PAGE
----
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"To get to that, wow," the police instructor says about a Niagara officer shot by a colleague



Rumors and emotions are working well after a policeman shot several times at the intersection of rural areas in Pelham, Onta, after the city's mayor.

"There are a lot of questions, but there's a lot of emotion behind them," said Dave Augustyn. "I just hope they can get to the bottom and figure it out and provide healing, which will have ripple effects."

Mostly rural Pelham is southwest of St. Catharines.

Ontario Special Investigation Division (SIU) released more information on Friday, including the fact that only one officer released his weapon and shot several times.

The shooter and the victim were among the team at Roland Road and Effingham Street, studying a collision that took place a few days earlier.

"One official freed his firearm several times, and the second official was beaten up," said SIU's press release. "A prisoner was taken to a hospital where he was in a stable position."

What will lead to people who serve and protect themselves to turn themselves on.– Dave Augustin, Mayor of Pelham

The release did not indicate how much the victim was hit.

SIU says that it does not disclose the identity of its officials according to its policy during the investigation. But the Niagara police say the victim has 28 years of experience and has a unified patrolling in Welland and Pelham.

Investigators work on Roland Road Square and Fellingham Street in Pelham. (Samantha Crags / CBC)

According to the SIU, there are 12 witnesses in the incident, including the person who was admitted.

It will not reveal the identity of these officials in accordance with its policy while the investigation is being conducted. It also did not reveal what led to the shooting or any specific relationship between the two men.

"Understanding what has happened and the relationship between officers is part of the SIE investigation," said spokeswoman Monika Hudon on Thursday.

The Union supports both officers

Augustyns said there's a lot of rumors about what happened.

"Our community is that this is often not the case for this kind of thing," he said. "The Community really is just a matter of what has happened and which will lead to those who serve and protect themselves to turn themselves on."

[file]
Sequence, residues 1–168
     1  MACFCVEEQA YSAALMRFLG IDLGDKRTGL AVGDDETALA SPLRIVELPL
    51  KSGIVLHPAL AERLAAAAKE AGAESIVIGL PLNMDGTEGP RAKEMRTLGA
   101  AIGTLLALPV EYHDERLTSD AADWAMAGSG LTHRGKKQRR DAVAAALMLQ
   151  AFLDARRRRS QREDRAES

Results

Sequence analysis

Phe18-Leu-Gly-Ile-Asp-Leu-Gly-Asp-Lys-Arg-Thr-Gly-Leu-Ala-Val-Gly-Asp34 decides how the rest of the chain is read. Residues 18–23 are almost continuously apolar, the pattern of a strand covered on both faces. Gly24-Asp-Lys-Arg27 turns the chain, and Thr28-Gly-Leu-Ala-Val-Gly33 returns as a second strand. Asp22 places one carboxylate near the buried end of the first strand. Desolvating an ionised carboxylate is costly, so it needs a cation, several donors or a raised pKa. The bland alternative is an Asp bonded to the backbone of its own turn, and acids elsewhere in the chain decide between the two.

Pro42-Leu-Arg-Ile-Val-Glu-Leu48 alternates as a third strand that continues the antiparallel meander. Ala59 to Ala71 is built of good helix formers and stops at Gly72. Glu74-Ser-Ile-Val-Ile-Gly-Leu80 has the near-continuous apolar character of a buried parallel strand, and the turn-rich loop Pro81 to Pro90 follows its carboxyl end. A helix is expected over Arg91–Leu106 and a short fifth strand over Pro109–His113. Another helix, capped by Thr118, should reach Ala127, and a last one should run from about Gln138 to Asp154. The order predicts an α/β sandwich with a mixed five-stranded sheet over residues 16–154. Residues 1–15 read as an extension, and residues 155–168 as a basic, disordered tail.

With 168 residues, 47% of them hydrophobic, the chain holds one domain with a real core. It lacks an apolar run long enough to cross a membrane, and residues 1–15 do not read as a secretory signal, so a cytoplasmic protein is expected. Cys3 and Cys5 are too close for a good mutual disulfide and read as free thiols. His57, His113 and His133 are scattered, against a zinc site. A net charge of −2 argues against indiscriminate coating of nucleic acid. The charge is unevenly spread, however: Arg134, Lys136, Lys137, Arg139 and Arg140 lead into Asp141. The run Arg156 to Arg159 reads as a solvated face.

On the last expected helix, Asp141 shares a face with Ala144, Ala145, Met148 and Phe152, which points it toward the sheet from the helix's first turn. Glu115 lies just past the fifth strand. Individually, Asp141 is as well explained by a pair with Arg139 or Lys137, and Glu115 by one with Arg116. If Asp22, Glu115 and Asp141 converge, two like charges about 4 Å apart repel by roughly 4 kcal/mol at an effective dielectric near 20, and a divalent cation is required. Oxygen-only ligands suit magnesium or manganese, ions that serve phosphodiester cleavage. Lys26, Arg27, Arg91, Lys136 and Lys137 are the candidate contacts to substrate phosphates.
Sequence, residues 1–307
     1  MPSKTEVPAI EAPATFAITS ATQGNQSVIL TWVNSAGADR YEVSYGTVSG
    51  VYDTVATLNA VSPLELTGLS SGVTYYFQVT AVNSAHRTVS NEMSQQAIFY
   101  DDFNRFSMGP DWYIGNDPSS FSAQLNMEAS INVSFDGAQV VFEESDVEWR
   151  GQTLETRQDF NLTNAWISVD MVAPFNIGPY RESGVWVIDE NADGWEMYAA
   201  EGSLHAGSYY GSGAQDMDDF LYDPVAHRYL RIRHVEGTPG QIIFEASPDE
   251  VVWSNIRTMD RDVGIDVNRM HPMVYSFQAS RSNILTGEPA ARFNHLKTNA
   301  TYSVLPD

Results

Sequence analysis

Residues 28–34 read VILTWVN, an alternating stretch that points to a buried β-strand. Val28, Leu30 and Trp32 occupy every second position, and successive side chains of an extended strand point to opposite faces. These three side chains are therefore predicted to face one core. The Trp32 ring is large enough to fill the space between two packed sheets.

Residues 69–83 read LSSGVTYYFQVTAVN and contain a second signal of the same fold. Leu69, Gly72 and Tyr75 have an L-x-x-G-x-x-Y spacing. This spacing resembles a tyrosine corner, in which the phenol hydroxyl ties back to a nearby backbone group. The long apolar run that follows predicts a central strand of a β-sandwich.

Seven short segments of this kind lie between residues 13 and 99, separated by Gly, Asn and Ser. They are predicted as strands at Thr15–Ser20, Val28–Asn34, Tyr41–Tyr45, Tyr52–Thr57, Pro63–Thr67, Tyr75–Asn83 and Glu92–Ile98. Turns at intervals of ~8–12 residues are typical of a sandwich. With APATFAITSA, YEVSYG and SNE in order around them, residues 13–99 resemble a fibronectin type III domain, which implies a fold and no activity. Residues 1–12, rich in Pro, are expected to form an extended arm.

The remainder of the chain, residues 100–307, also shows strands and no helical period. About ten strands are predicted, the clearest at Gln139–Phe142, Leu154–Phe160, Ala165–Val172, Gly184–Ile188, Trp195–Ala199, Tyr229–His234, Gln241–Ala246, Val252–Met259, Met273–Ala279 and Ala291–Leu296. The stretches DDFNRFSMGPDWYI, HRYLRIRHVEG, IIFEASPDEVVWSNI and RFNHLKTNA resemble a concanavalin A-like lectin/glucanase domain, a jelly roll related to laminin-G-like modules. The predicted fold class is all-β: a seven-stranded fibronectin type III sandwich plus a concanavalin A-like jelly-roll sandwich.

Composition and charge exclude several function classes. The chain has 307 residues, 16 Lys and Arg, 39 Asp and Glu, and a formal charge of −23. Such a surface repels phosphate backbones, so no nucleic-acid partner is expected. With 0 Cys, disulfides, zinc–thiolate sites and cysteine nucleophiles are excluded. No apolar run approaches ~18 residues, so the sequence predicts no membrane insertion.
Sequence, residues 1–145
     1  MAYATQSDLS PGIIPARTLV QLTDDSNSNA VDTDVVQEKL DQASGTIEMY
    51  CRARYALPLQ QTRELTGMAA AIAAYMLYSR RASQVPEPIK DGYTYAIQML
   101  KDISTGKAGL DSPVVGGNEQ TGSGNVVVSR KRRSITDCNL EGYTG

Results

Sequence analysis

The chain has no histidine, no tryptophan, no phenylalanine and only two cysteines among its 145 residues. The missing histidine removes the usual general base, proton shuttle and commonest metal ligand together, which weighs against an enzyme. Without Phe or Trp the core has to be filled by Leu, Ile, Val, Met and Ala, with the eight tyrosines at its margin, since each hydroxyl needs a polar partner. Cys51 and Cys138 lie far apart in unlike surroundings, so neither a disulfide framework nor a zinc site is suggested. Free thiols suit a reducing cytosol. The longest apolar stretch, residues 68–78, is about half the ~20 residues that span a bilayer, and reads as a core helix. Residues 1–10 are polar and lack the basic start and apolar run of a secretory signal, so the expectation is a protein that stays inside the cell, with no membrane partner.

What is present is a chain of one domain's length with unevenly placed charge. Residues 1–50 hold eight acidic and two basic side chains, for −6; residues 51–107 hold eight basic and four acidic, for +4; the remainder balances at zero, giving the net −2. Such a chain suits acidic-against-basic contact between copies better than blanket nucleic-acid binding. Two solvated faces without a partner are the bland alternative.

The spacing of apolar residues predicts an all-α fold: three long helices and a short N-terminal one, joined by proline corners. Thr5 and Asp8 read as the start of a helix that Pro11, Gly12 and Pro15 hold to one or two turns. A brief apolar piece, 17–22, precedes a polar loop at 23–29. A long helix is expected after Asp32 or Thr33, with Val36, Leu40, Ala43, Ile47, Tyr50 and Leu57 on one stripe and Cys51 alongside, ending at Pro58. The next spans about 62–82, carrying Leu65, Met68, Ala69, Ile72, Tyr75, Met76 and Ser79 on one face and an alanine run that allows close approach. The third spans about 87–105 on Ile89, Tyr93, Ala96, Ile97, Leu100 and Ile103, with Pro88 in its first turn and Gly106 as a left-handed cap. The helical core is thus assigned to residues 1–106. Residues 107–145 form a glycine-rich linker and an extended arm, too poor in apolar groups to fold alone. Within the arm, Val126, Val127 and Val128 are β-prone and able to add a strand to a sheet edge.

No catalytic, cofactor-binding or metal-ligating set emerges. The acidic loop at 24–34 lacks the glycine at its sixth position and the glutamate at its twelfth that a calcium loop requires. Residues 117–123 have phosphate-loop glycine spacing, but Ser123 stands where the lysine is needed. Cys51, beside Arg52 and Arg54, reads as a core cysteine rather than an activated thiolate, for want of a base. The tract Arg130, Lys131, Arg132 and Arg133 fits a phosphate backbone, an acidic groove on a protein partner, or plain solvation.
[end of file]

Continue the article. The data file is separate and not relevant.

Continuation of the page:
At the same time, the Niagara Regional Police Association has heard from police services across the country, said President Cliff Priest. His association supports both officials and their families.

"When they hear traumatic incidents involving police, it has a traumatic effect," he said. "This is our family. When one of our families hurts, we are all hurt."

No arrest

He said that this support involves offering advice, transport or just listening.

Bryan MacCulloch, Chief of Police in the Niagara Region, said he had asked the Ontario Provincial Police to determine if any criminal misconduct was outside the scope of the SIU, but said that arrest had not been carried out.

"Days and weeks ahead will be a test of those NRPs for the family and society we serve," he said. "I ask for your support for our members and all involved."

Kevin Bryan, a retired York police detective and police instructor at Seneca College, says that conflicts between officials are not unusual, he has never seen an incident, for example, this week.

He said that one policeman was retired at another time when he was in charge, and in the daylight is simply shocking.

"To get it done, wow"

"I have seen a lack of faith in the work between officials and spouses of officials, where one official is with another partner," said Bjian.

There will be some choices and stuff like that.– Kevin Bryan, Police Instructor

"I know of cases when someone is squeezed in the face and the like, over unbelief or perceived disbelief. But I have never seen where it is in an attack, and it's also an obligation.

"I have seen that a policeman brings a second officer with a shirt collar and pushes them against a closet where one official does not like the other … but that's what I have to see, wow."

And just like shooting affects the public, it also struck the service.

"There will be some choices and things to do," Bryan said

"There will be guys who may have thought that the guy deserves to be shot and there will be guys who hated [shooter]. "

Bryans said that, of course, NRP's top-notch workers are struggling today to make sure people know there is a persecution between these two officials.

Bryans said that, although the situation is very unusual, police unions have been handling situations in which they support conflict officials.

"It can happen. It's uncomfortable, but you just get them your lawyers."

Michael Kempa, Head of the Criminology Department at the University of Cincinnati, told CBC News that in this case the official will not be charged until the investigation is completed, which is the opposite, as would normally have been the case for the public.

"I think the public would be surprised that the regular police officer should know that the default will not start with a fee, because we will from the beginning assume that it is possible that the firearm is prudent and then we will investigate and if we find something wrong, then we will charge … for a member of society, that is the opposite, "said Kempa.

But as a civilian, he said: "We said OK, a gun was kicked out, it's probably unreasonable, we charge a fee, and then we will see if we have enough to ensure confidence."


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